Italian football emerges from virus crisis with cup semis in balance

Juventus’ home clash with AC Milan on Friday was supposed be the first competitive match played in Italy since the country became Europe’s COVID-19 epicenter. (AP)
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Updated 11 June 2020

Italian football emerges from virus crisis with cup semis in balance

ROME: This week’s Italian Cup semifinal, second leg matches were set to bring football back to a nation emerging from the coronavirus crisis, but with two days until the scheduled kick-off the two matches are still awaiting government approval.
Juventus’ home clash with AC Milan on Friday was supposed be the first competitive match played in Italy since the country became Europe’s COVID-19 epicenter, and the start of what the football authorities hope will be a return to normality.
More than 34,000 people on the peninsula have died because of the virus since the start of the crisis, with the vast majority in northern regions like Piedmont and Lombardy which host Juve and Milan.
However, although the virus still persists, Italy began to gradually emerge from a stringent lockdown last month and has been slowly moving back toward regular life since, with the return of football pitched as the latest sign that the worst should be over.
Public broadcaster RAI has already announced its coverage of the two last four encounters, with Napoli v Inter Milan scheduled for Saturday.
However. while Health Minister Roberto Speranza on Wednesday confirmed the dates for the semis and the June 17 final in Rome, he only said that the government was “leaning toward authorizing” the last three matches of the competition.
Speranza’s comments at the Italian Senate come just as it appeared that weeks of squabbling between Italy’s football authorities and the government had been left behind, with what will likely be a large, sport-starved TV audience ready for the two matches behind closed doors.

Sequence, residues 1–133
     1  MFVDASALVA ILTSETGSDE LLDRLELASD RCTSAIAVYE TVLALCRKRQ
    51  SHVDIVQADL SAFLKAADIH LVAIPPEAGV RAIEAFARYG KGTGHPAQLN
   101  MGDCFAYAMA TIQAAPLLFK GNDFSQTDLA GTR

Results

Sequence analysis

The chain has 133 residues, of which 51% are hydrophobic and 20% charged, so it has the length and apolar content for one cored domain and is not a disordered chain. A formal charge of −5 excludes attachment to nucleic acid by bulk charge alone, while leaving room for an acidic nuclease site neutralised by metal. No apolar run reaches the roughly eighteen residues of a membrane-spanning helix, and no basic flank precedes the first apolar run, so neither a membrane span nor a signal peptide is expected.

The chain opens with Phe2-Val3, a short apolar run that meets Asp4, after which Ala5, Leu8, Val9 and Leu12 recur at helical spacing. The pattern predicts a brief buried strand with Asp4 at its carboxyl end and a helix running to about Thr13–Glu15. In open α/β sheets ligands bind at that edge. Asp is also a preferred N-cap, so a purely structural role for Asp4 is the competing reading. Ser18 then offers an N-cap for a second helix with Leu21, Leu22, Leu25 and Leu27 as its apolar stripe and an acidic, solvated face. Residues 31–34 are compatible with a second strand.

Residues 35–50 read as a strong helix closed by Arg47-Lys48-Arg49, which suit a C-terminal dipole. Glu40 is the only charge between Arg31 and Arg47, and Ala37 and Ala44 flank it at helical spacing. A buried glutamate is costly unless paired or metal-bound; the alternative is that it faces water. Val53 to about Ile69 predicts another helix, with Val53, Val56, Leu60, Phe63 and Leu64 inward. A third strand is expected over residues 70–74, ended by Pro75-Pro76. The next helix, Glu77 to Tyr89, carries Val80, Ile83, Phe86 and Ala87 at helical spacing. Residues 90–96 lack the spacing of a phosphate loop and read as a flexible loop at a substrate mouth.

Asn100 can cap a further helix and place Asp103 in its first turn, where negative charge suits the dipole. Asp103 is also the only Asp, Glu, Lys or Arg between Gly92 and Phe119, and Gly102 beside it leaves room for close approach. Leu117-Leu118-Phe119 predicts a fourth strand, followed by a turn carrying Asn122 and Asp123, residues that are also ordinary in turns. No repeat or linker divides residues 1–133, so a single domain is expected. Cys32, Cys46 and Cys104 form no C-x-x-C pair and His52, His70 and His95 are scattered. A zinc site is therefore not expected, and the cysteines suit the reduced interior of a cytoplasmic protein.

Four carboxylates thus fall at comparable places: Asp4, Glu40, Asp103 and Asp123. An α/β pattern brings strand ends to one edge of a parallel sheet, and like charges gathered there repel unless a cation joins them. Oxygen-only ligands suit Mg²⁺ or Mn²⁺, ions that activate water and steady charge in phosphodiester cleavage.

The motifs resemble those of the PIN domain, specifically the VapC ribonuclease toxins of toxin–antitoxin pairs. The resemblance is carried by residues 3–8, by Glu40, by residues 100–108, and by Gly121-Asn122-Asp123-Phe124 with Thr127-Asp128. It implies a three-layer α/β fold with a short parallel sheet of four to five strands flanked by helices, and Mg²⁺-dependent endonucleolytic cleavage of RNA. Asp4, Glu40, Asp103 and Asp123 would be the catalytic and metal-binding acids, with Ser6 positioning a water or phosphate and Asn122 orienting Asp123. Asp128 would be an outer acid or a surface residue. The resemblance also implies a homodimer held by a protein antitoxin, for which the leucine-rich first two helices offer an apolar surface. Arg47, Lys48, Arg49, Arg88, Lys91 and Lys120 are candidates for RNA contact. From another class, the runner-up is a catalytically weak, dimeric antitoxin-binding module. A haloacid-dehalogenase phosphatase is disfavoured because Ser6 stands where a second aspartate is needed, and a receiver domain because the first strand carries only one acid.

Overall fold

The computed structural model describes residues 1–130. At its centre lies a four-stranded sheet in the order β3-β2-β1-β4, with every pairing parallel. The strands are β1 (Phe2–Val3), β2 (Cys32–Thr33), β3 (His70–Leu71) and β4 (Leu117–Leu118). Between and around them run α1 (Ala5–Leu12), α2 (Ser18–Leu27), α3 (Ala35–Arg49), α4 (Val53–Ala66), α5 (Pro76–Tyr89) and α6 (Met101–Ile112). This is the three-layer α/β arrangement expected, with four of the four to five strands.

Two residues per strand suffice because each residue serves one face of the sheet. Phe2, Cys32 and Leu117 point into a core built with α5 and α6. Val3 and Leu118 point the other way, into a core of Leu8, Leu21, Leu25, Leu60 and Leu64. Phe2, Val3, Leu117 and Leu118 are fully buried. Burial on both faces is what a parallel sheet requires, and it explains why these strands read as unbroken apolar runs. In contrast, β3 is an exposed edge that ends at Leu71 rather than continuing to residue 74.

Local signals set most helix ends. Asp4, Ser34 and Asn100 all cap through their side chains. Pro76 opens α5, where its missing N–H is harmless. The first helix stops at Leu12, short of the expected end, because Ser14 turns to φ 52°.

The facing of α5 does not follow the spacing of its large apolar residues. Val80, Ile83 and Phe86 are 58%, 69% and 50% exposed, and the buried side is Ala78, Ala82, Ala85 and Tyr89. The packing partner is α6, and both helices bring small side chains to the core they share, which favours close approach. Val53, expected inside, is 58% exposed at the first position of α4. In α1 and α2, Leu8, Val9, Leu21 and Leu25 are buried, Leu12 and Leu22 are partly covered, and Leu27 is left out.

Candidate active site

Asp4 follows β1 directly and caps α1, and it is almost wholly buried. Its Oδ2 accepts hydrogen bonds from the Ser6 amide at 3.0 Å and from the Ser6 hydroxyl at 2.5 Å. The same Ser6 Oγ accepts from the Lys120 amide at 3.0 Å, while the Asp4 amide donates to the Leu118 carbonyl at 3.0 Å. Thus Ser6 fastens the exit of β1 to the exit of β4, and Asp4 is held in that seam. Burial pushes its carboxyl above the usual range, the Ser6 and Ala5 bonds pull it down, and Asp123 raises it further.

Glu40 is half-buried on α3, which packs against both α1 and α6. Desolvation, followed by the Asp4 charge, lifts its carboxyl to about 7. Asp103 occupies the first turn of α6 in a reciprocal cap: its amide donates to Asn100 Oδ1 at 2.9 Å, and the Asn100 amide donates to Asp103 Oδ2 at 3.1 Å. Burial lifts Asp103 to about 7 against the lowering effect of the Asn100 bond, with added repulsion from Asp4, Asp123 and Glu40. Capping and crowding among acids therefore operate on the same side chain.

Should, as expected, Friday’s match take place fans will see a tie delicately poised at 1-1 following February’s entertaining first leg at the San Siro, which saw the ‘Rossoneri’ leading until Cristiano Ronaldo scored a stoppage time penalty to take a draw and an away goal back to Turin.

Milan will be without injured Zlatan Ibrahimovic, who had sparked the seven-time European champions into life after returning in December, as they attempt to beat Juve in Turin for the first time since 2011.
Forward Samu Castillejo, who said he was robbed at gunpoint in Milan on Tuesday, and defender Theo Hernandez are suspended.
Milan coach Stefano Pioli will likely point to Ante Rebic, who had scored seven goals in nine games before football succumbed to the virus, as the goal threat.
They will be helped by Wednesday’s ruling which eliminates extra-time in the event of deadlock after 90 minutes for both last-four second legs and next week’s final.
The cup is more of a priority for fallen giants Milan, whose last major honor came nine years ago, than for Juventus, who later this month resume a tight Serie A title tussle with Lazio.
However Juve coach Maurizio Sarri told Sky on Wednesday that Juve were “lucky” to have the cup, Serie A and Champions League seasons played at separate intervals as they chase European glory to go with their domestic dominance.
“We can focus on our targets one at a time, and this could be an advantage for us,” he said.
“But we’ll only know once we’re out on the pitch because this is a very odd situation. After such a long break we’ve not even been able to play proper matches in training.”
Sarri is reportedly wary of risking players who are not 100 percent fit, and will leave out Gonzalo Higuain for his starting line-up.
However with Ronaldo, Paulo Dybala and Douglas Costa likely to start, goals should not be a problem.
Whoever comes out on top will face either Antonio Conte’s Inter Milan or Napoli, who hold a 1-0 lead ahead of Saturday’s second leg in Naples.